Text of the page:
Thursday, February 11, 2021

February Funk

My world remains locked in snow. 
It's not much snow, we might have gotten a bit over an inch after several days of snow. Unlike most northeast Kansas snows, however, it has remained on the ground for days. Usually sunny days follow a snow, at least after a day or two, and thawing ensues even if the temperatures don't climb above freezing but just hit the upper 20s.

This snow, however, was followed by the coldest stretch of weather we've had in years, and the forecast says it's about to get even colder. They say the sun will shine tomorrow, for the first time this week, although the temperature will remain in the single digits Fahrenheit and even fall below zero.
The bitter cold and cloudy skies don't do much good for one's mental state. I've been feeling scattered and distracted all week, unable to end the day feeling that I have accomplished much.
February is like that.
I started the month on a high note. I'd learned that some ancient cultures considered February a time of purgation, when they would conduct cleansing rites. So I decided to "purge" by doing some deep cleaning. I spent an entire day on our bedroom and master bath. Then moved on to the kitchen. I picked up an old writing project and refreshed that. Started organizing the recipes on my computer so I can print them out and tidy up the binder in which we keep recipes.
The first few days of that first week were a whirlwind, then my energy dropped, it picked up after a couple of days and then fell again. So this week I've kind of been at a standstill, although I feel that I'm doing stuff, I'm not just sitting around... sort of.
February is like that.
I find that getting outside helps me stave off the winter blues. This past week I've meant to get outside and wander around. My insulated overalls, heavy coat and work boots keep me quite warm, especially when I'm moving around. But highs in the teens and cloudy skies and February have kept me inside.
I do get outside a little each day though. Every morning and every evening before bed, and sometimes in between I step outside my back door without putting on a coat and stand for a few minutes just breathing fresh air. Feeling the cold, really feeling the cold and embracing it puts me in touch with the natural world around me. I feel more connected. 
Sometimes I go out barefoot, even stepping into the snow, my footprints alongside those of birds and rabbits. The biting cold of the snow reminds me that I am alive, washes away the numbness of dark February days spent indoors.
The amaryllis have quit blooming, but this little orchid  has 
stepped in to brighten the winter days. The blossoms last for
quite a long time.

I started the habit of stepping barefoot in the snow many years ago, when I went bobbing for apples on Halloween and came up with one in which an exclamation mark had been carved. I took that to mean I needed to get more exclamation marks in my life. Stepping barefoot into the snow certainly does cause some exclamations. It's invigorating, enlivening, exhilarating... I've begun to crave it.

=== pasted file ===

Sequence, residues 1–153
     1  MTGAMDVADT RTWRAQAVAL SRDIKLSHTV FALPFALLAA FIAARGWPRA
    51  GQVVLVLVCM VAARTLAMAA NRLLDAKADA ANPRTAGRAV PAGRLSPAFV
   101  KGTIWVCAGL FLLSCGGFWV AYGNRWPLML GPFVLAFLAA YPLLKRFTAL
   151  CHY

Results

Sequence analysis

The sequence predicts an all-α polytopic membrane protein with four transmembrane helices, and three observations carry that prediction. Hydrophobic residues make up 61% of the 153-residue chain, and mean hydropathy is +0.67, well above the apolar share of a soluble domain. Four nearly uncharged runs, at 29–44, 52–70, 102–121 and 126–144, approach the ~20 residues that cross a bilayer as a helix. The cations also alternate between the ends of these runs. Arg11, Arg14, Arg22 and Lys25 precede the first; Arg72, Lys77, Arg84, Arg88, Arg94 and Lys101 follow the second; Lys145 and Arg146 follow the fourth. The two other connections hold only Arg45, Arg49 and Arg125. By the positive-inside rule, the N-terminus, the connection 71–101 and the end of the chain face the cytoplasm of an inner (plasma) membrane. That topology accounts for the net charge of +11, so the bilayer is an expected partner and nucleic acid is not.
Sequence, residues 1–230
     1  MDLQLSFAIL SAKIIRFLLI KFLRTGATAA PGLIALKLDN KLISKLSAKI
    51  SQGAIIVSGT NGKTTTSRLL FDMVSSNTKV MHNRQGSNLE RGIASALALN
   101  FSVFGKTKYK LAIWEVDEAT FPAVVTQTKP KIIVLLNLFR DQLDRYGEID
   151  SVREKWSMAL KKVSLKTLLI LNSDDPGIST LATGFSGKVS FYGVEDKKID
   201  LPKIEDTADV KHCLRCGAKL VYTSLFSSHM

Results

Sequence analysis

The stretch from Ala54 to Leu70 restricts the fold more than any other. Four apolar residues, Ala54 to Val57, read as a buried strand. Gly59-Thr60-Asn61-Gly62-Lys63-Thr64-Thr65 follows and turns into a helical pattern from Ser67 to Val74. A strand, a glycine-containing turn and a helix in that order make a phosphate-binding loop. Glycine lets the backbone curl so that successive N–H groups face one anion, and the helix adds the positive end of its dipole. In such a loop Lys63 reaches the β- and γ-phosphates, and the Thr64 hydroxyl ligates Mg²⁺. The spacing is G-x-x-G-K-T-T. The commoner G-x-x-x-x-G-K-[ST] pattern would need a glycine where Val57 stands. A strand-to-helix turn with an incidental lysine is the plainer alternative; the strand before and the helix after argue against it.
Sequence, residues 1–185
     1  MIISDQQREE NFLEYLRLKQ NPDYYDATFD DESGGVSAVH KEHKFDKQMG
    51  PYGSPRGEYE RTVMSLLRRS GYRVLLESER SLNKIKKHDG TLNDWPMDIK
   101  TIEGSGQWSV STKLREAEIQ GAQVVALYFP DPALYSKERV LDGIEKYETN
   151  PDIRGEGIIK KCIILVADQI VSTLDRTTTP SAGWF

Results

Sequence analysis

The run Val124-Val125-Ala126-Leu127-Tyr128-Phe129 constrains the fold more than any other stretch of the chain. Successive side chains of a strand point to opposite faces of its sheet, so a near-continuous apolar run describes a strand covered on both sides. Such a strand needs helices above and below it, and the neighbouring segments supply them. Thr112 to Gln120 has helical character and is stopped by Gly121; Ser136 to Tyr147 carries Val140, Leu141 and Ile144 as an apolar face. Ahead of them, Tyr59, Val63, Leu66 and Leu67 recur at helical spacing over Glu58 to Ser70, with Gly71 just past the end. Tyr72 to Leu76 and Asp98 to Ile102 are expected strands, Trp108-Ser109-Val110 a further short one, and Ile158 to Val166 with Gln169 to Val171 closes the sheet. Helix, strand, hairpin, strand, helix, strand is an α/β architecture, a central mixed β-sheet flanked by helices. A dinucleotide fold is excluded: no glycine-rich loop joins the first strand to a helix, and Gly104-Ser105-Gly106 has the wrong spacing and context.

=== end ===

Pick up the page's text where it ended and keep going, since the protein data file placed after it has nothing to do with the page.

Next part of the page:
I stand outside my back door on a 10-degree F. morning and sing to the wakening world. 
I stand outside my back door as the frost forms in the late evening and look for the moon and stars. Even if it's cloudy I search the sky.
I step barefoot into the snow and feel the cold bite as a freezing breeze brushes my face and seeps through my sweater. 
I breathe deeply of the bitter air.
I am at one, at peace with the frozen land around me bound by snow.
This gets me through February.
It gets me through.
I go back inside and check the tiny cabbage seedlings that will go into the garden in just six weeks or so. One more turn of the calendar page and I'm looking at planting season. But the planting has begun... cabbages, broccoli, leeks... Soon I'll start some lettuce, then eggplant and peppers, then... then...
Suddenly it's March.
This gets me through February... the "longest" month, when we are so tired of winter.
It gets me through.

Monday, February 8, 2021

We All Dig This Vegetable

Good morning from Spirit Bird Farm.

Everyone loves them.

Boiled, steamed, mashed, baked, and fried. In stews, in soups, in salads, as chips, for breakfast, lunch and dinner. They even turn up in desserts and other bakery goods in the form of starch and flour. For everyday meals, as well as holiday meals. Some of the best comfort food around. They've infiltrated nearly every one of the world's cuisines in about 500 years, although many Europeans initially thought they were poisonous. They are among the top most important food crops of the world, right up there with wheat, rice and maize (corn). They had become such an important crop in the 1800s that when Ireland experienced a widespread crop failure, famine ensued, killing maybe a couple of million people. A few decades later, Luther Burbank developed a variety resistant to the fungus that killed the Irish crop... potato blight.